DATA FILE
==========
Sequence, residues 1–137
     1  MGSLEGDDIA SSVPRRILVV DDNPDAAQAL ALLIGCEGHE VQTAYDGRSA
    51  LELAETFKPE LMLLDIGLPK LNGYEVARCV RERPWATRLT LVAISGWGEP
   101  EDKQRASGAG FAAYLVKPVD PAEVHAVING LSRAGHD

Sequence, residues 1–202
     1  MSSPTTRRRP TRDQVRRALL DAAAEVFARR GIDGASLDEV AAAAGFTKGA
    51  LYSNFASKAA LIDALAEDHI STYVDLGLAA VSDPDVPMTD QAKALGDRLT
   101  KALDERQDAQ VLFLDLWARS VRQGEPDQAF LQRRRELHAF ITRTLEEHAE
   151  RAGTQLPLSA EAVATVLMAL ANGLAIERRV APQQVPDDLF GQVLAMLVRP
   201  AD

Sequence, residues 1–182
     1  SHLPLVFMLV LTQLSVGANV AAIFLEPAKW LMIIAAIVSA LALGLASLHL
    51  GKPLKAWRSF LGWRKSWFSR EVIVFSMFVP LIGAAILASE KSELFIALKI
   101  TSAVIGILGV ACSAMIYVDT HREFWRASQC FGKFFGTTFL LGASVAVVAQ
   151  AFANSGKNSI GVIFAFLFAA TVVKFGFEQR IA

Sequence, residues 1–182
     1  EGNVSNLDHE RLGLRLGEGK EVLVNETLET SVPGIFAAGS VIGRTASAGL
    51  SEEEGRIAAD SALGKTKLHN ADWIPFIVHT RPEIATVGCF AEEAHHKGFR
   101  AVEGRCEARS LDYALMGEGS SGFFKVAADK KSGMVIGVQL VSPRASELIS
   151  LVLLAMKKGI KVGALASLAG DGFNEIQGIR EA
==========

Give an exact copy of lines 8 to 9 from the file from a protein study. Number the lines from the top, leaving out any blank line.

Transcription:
   101  KALDERQDAQ VLFLDLWARS VRQGEPDQAF LQRRRELHAF ITRTLEEHAE
   151  RAGTQLPLSA EAVATVLMAL ANGLAIERRV APQQVPDDLF GQVLAMLVRP